Personal Data on 46K American Vets Exposed
The U.S. Department of Veterans Affairs (VA) Office of Management reported that the agency suffered a data breach. The personal information of about 46,000 US veterans was exposed when hackers exploited an online application. The initial investigation determined that the attackers gained access to the application and changed data to steal payments from the VA to healthcare providers.
“An online application was exploited, and payments diverted from community health care providers,” said the VA in a statement. “A preliminary review indicates these unauthorized users gained access to the application to change financial information and divert payments from VA by using social engineering techniques and exploiting authentication protocols.” The Financial Services Center (FSC) took the application offline while the investigation is ongoing.
FSC is notifying all veterans affected by the data breach. If the veteran is deceased, their next of kin will be notified instead. The application was taken offline until the review can be completed and the form secured.
READ: Six Government Cyber Security Jobs for Veterans
How the VA Data Breach Happened
The hackers gained access to the application through social engineering. Social engineering is a common attack vector used to gain information about a victim. Social engineering includes tactics such as gleaning personal information from social media sites, collecting email addresses from corporate websites, or taking information from public records.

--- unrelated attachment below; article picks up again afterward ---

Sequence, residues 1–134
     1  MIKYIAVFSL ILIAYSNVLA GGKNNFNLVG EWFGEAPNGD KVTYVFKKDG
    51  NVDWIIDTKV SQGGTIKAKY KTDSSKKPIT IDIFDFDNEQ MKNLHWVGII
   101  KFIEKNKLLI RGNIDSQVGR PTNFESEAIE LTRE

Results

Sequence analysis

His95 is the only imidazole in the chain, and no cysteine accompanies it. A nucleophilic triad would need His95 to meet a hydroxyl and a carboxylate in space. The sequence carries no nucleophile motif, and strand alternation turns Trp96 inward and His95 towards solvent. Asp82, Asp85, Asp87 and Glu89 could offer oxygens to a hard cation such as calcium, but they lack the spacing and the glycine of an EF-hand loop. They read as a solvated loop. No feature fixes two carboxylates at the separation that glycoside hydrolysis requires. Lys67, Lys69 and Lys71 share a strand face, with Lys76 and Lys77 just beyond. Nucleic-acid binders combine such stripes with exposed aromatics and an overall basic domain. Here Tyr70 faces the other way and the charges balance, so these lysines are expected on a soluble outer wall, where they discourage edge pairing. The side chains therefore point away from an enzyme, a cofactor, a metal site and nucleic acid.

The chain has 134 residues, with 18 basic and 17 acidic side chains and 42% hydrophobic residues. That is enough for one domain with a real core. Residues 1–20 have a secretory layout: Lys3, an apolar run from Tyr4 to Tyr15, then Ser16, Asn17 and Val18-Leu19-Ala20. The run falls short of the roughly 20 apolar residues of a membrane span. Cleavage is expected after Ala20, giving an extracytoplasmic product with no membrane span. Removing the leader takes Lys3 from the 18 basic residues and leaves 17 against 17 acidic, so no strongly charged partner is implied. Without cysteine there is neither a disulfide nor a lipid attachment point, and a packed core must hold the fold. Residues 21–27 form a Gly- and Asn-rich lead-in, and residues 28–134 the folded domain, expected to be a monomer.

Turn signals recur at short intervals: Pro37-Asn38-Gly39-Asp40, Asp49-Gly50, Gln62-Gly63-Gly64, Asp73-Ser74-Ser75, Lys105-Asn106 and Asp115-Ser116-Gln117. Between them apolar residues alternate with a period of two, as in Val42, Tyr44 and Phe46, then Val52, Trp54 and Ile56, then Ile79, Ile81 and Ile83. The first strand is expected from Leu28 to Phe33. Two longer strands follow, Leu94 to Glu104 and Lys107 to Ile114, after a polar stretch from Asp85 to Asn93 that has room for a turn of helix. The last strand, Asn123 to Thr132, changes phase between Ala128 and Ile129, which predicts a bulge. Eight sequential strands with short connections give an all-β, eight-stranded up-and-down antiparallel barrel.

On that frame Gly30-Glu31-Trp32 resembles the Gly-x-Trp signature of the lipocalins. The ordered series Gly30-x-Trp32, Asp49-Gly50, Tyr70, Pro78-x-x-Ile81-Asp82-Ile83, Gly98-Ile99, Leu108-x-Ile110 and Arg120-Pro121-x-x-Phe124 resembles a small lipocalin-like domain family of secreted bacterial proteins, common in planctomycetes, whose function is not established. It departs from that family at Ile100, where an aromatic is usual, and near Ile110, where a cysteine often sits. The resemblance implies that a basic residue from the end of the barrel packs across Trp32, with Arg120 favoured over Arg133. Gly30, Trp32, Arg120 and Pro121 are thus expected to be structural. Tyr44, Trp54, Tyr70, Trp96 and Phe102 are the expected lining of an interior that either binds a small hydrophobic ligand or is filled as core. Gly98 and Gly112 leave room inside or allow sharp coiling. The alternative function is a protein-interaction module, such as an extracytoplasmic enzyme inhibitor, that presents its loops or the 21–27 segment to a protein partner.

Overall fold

The more personal information the attacker includes in a phishing email or other message, the more likely the victim is to believe the message is legitimate. Phishing emails commonly include the victim’s first name, a password used for another online account, their employer’s name, or other personalized information. It is all used to make a phishing email seem like it comes from someone the target knows. The goal is to get the reader to follow the instructions in the email.
Some scammers may even call the victim and scare them into sending money.
United States Department of Veterans Affairs
The United States Department of Veterans Affairs (VA) was created to provide health services and benefits to eligible military veterans.
VA Data Breach – How Do I Protect Myself?
If you are a US Veteran and have not received a notification from the VA, then you are not affected by this data breach. However, Veterans Affairs and FSC have not disclosed exactly what information was stolen by hackers. All Veterans should monitor their credit reports, bank accounts, and credit cards.
To alert Vets of identity theft, financial theft or other fraud, a quality monitoring service can alert you to suspicious activity before any real damage is done.
The VA is offering credit monitoring services to those Veterans if their Social security number was compromised. Everyone is entitled to one free credit report from each of the three credit bureaus once a year.
READ: Get a Free Credit Report for Military Service Members
Data Breaches May Lead to Phishing and Data Theft
Even if your Social Security number or money was spared during a data breach, it doesn’t mean you’re safe. Hackers use information from previous data breaches to send phishing emails and break into online accounts.
Personal data stolen during data breaches is sold on the dark web. Hackers use it to compile profiles about thousands of potential victims. The personal information is used to craft phishing emails that seemed familiar to the recipient. That way they’re more likely to click on a link in an email or download attachment. This can lead to infecting your computer with malware instantly or your money being stolen from a bank account because the hacker has your password.
All active-duty personnel – US Army, US Navy, US Air Force, US Marine Corps, US Coast Guard, and National Guard – can get freed credit monitoring.